The secretive U.S. air strike against suspected al-Qaida in Yemen last week is the latest in what has been a fast-growing campaign to better equip and fund Yemeni forces so they can eliminate the expanding al-Qaida safe havens there.
The Pentagon has poured nearly $70 million in military aid to Yemen this year, a massive financial infusion compared to nothing in 2008.
Much like the effort with Pakistan's Frontier Corps, the military has boosted its counterterrorism training for Yemeni forces, and is providing more intelligence, which probably includes surveillance by unmanned drones, according to U.S.. officials and analysts.
The heightened attention comes at a politically sensitive time, as the U.S. and Yemen continue talks on the possible transfer of Yemeni detainees in the Guantanamo Bay facility in Cuba back to their homeland. The transfer is critical to President Barack Obama's pledge to shut down Guantanamo, but U.S. leaders are not convinced that Yemen is prepared to handle the detainees, or that they won't simply be set free.
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Information about any spike in U.S. involvement, including last week's strike that missed a key al-Qaida leader but killed others, is closely guarded by Yemeni authorities, who fear that a visible American role in the country will fuel internal conflicts.
As a result, observers can only whisper about Americans coming and going at an increasing rate from a military base in northwest Yemen, or the sightings of new aircraft and drones in the skies above.
The training sessions are generally small scale events that last a few weeks, and the number of military trainers in the country has fluctuated over time, said a senior defense official. The official said the counterterrorism training has varied from ground combat to air and maritime instruction.
"The U.S. presence is certainly growing there," said Gregory Johnsen, a Yemen expert at Princeton University, who regularly visits the country. He said it was particularly evident at the U.S. embassy there, when he was last in the country during the summer.
That increase, along with the recent strike that reportedly killed civilians as well as al-Qaida members, may only result in more support for al-Qaida in Yemen and stir up anti-government factions, he said.
"In the end it's probably counterproductive," said Johnsen, adding that video and photos of dead women and children from the blast "is a recruiting field day for al-Qaida."
U.S. officials will not publicly confirm participation in last week's strike, and will only offer broad comments about U.S. activities in Yemen.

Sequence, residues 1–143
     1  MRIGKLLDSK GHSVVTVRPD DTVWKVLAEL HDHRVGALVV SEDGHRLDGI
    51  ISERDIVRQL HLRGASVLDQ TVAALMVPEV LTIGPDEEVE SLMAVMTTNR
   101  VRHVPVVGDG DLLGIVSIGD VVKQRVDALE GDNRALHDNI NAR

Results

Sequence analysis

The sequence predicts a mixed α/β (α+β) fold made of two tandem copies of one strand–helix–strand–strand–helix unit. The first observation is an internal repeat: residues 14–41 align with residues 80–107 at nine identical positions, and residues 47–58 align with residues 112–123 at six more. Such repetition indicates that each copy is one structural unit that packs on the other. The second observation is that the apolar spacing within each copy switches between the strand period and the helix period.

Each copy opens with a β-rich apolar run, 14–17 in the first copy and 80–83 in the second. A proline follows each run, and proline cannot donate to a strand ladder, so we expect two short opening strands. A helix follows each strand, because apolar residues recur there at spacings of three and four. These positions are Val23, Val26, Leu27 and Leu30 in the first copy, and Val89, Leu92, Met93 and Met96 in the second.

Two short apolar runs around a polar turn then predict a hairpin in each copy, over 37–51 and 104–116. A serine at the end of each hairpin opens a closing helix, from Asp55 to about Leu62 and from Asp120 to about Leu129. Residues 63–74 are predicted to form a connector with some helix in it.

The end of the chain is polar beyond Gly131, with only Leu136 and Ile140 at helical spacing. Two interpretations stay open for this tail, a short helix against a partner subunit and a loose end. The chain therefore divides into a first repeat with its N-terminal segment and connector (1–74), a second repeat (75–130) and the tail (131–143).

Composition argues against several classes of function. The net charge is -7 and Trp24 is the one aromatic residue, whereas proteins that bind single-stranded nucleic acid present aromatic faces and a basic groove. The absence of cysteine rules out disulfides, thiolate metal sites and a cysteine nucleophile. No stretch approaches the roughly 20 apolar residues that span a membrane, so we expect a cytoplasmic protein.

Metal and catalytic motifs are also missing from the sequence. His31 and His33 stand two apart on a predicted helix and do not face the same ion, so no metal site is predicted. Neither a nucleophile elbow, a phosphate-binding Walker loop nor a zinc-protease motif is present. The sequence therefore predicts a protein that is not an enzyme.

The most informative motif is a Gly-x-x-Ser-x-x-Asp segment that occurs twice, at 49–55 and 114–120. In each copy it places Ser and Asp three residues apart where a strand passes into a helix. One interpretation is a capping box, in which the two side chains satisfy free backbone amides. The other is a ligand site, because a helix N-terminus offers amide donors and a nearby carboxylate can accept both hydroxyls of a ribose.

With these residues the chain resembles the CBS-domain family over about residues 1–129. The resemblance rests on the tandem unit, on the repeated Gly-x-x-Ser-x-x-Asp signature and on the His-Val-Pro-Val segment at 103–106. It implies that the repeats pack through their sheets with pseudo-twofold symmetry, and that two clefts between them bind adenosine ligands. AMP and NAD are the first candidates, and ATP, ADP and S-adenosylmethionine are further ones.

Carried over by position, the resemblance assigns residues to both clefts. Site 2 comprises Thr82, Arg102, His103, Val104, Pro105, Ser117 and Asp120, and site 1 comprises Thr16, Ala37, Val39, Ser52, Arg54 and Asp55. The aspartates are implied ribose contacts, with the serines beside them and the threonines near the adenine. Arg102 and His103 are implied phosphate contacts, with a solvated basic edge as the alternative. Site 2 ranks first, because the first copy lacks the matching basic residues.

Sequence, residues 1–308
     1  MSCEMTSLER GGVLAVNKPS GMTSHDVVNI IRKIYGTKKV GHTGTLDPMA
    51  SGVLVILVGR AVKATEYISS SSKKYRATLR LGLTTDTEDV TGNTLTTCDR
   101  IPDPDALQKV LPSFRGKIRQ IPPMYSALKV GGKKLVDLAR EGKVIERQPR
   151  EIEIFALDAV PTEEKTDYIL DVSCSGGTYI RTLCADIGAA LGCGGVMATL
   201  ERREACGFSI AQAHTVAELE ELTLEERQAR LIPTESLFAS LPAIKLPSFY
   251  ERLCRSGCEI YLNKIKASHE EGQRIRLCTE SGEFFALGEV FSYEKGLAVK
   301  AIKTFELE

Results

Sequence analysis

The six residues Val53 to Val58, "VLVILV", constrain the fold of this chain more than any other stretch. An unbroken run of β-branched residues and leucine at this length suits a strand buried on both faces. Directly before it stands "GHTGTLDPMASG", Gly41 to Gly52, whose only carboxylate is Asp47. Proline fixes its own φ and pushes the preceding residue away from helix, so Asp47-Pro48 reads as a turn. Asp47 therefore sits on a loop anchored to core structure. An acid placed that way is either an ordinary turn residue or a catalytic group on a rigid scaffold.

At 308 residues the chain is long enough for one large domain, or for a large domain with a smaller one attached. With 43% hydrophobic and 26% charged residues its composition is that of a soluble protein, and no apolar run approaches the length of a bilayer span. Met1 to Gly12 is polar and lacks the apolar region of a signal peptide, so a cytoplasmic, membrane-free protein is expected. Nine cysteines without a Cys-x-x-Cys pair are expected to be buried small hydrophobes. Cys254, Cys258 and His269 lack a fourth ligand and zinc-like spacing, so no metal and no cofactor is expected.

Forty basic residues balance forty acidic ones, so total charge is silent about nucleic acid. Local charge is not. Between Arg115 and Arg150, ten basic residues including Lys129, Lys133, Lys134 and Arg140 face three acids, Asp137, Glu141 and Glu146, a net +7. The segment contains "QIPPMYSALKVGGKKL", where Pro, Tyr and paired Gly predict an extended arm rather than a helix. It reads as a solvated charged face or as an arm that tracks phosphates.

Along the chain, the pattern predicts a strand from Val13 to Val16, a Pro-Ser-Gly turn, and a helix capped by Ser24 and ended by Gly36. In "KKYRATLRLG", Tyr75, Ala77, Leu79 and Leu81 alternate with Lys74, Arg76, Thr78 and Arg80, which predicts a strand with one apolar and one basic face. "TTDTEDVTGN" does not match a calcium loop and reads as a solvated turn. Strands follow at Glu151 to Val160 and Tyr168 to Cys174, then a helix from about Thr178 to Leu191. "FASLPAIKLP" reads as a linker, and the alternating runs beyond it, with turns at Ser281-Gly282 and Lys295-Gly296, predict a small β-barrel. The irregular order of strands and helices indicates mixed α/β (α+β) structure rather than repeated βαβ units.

"We continue to provide advice, training and equipment to both Saudi Arabia and Yemen as part of our ongoing security cooperation," said State Department spokesman P.J. Crowley.
Others, however, acknowledge U.S. involvement in the bombing, and say that the U.S. is providing increased logistical and surveillance support to Yemen in its campaign to stamp out the resurgent al-Qaida militancy in the vast ungoverned spaces.
The operation is the culmination of a strategy shift that occurred about a year ago, when the United States determined that the two key centers in the fight against al-Qaida are Yemen, located on the southern tip of the Saudi Arabian peninsula, and Pakistan, a military official with direct knowledge of the strategy told The Associated Press.
The officials, who spoke on condition of anonymity because of the secretive nature of the operations, say the support comes at the request of Yemen.
Crowley flatly denied suggestions that the U.S. is getting involved in Yemen's internal war with Shiite Hawthi rebels in the north, saying "we have no direct role in what's happening along the border."
Saudi Arabia launched an air and ground offensive in the north against the Yemeni rebels on November 5, after skirmishes along the border.
Many believe that conflict has evolved into a clash between U.S. ally Saudi Arabia and Shiite Iran, who Yemen accuses of backing the rebels. The Shiite rebels charge that the Yemeni government is allied with hardline Sunnis. Tehran has denied any involvement.
A steady stream of U.S. diplomats and military leaders have gone to Yemen, pressuring the government to step up its campaign against al-Qaida.
Yemeni officials, meanwhile, stress that they need better equipment and other aid.
This year, the U.S. complied, with plans to provide more than $30 million for ships and other equipment for the Coast Guard, $25 million for border security, and about $6 million for helicopters with night cameras.
Christopher Boucek, a Yemen expert at the Washington-based Carnegie Endowment for International Peace, said that direct military involvement in Yemen will not adequately address the problem.
"We need to build local capacity to deal with the issues on their own," said Boucek. "There is a lot we can do to address the issue short of dropping bombs."
Al-Qaida's operatives in Yemen and Saudi Arabia merged early this year to become al-Qaida in the Arabian Peninsula, or AQAP, a move that U.S. intelligence officials said was followed by more recruiting and efforts by those operatives — mostly unsuccessful — to cross the border from Yemen into Saudi Arabia.
AQAP has also made it clear in communications through the Internet and by other means that it intends to target Western interests across the Arabian peninsula.
Associated Press Writers Pamela Hess, Ben Feller and Matthew Lee in Washington and Sarah El Deeb in Cairo contributed to this report.
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